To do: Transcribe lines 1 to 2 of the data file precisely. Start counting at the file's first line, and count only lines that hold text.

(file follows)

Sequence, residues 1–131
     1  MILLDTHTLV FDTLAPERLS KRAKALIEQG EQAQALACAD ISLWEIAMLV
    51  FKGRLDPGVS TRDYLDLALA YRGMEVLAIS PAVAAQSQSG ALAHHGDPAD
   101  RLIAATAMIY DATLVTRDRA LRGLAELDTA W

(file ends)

Sequence, residues 1–131
     1  MILLDTHTLV FDTLAPERLS KRAKALIEQG EQAQALACAD ISLWEIAMLV